Music Review: Time just can't stop energized O'Jays train

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Anyone living for the weekend could not have started it off any better than with the O'Jays concert at the Benedum Center Friday night.


The O'Jays -- Walter Williams, left, Eric Nolan Grant and Eddie Levert -- gave the people what they wanted at the Benedum Friday night.
Click photo for larger image.

Original members Eddie Levert, Walter Williams and new guy Eric Nolan Grant brought their love train to Pittsburgh and showed new schoolers what old school is all about -- smooth moves, tight vocals and the kind of sex appeal that gets the point across without being graphic.

Of course, it helps to have a repertoire of hits and a packed house of fans -- many of whom were young adults when they heard them the first time. The O'Jays sang them all with Williams' silky tenor and Levert's raspy baritone leading the way.

The trio, resplendent in white suits, led off with "You've Got to Give the People What They Want." And, boy, did they ever! Using tight harmonies on Curtis Mayfield's "People Get Ready," they segued into "Love Train," and the rest was one feel-good ride -- "Stairway to Heaven," "Let Me Make Love to You," "Used to Be My Girl," "Brandy," "Family Reunion," "Forever Mine," "Backstabbers." They also did an abbreviated version of "Wildflower," recorded originally by New Birth and recorded live by the O'Jays.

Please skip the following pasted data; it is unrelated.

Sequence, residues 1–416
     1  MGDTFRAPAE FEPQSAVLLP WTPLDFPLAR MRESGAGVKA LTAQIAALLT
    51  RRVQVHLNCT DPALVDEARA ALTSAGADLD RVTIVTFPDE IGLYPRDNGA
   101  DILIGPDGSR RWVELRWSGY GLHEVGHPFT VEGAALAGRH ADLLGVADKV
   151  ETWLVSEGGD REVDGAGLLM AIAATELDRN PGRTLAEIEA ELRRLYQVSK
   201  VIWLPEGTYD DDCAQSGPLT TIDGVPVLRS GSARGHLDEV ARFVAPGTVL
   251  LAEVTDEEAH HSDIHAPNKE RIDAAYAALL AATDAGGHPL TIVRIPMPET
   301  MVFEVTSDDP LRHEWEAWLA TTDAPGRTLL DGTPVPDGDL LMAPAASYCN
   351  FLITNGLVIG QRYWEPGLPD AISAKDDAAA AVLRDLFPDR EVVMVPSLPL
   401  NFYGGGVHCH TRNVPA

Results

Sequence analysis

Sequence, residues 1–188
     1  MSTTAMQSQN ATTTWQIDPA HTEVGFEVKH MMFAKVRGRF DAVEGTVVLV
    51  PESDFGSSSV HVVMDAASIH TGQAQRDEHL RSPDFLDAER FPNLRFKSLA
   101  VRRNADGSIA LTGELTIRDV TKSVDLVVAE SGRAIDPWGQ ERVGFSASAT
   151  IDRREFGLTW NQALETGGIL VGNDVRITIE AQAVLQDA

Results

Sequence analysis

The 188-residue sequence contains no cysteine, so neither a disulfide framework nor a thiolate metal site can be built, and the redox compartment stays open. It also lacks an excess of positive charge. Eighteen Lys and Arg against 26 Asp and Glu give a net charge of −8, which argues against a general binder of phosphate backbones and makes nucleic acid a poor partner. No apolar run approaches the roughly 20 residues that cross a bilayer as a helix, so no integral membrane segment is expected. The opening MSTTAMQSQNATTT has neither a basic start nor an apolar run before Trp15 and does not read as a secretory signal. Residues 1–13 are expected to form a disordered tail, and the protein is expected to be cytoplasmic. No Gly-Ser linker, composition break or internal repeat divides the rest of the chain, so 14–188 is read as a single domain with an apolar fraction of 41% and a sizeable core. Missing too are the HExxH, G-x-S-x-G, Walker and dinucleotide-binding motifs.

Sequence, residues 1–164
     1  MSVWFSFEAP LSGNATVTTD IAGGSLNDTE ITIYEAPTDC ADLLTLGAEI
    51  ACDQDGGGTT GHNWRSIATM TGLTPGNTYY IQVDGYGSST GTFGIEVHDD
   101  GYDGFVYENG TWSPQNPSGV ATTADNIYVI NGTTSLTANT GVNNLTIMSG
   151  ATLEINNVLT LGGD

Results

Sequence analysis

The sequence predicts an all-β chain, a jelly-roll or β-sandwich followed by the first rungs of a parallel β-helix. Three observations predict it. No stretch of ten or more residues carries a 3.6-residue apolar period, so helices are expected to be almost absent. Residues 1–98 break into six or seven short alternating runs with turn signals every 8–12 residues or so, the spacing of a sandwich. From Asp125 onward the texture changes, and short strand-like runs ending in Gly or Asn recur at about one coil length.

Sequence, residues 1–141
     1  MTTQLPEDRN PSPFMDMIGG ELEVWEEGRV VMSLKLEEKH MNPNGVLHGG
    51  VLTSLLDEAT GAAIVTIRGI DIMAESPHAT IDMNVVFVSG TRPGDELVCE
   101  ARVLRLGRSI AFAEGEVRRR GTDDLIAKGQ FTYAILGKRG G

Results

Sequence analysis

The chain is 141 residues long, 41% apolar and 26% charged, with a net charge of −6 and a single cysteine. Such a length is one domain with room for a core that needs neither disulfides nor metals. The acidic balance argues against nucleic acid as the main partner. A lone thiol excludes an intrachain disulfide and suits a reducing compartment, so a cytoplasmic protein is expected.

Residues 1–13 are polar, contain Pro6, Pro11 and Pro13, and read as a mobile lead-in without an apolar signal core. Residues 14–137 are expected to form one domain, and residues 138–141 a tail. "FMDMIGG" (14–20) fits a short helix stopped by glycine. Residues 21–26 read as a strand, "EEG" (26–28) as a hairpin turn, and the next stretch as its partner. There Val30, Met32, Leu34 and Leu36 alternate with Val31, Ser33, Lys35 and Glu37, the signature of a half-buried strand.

For their song "Living for the Weekend," they set up their own club on stage, complete with tables, drinks and several lucky ladies plucked from the audience. Levert, the flirt of the group, sat on one woman's lap, held the hand of another as he sang and gave a lingering hug to a third. Some audience members danced in the aisles.

The energy was amazing, especially considering that Levert and Williams have been singing together since 1957, a decade before they joined with Philadelphia International founders/songwriting partners Kenny Gamble and Leon Huff to help create the Philly sound.

The current generation may not know the Rock and Roll Hall of Famers, but they certainly have heard their music in beer commercials and as the theme song for Donald Trump's "The Apprentice."

The trio ended the show with that cautionary tune about legal tender, "For the Love of Money."

Opening act Deniece Williams, who wrote and recorded a number of R&B hits in the '70s before focusing on gospel, has the kind of range that would make Mariah Carey quiver.

First she took her audience to church with the song "God Is Amazing" and then rolled out the crowd-pleasers like "That's What Friends Are For" (not the one recorded by Stevie, Elton, Gladys and Dionne); her first big hit, "Free"; and "Silly," a song she said she wrote about a love affair gone bad.

Williams ended her set with a gospel classic, "His Eye Is on the Sparrow."


Monica Haynes can be reached at mhaynes@post-gazette.com or 412-263-1660.


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